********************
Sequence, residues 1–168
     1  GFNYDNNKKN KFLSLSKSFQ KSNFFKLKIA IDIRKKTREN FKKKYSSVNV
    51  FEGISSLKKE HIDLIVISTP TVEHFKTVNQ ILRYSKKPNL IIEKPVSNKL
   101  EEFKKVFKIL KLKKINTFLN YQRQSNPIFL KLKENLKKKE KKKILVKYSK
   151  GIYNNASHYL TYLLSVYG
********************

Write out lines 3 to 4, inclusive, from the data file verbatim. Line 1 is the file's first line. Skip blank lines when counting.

    51  FEGISSLKKE HIDLIVISTP TVEHFKTVNQ ILRYSKKPNL IIEKPVSNKL
   101  EEFKKVFKIL KLKKINTFLN YQRQSNPIFL KLKENLKKKE KKKILVKYSK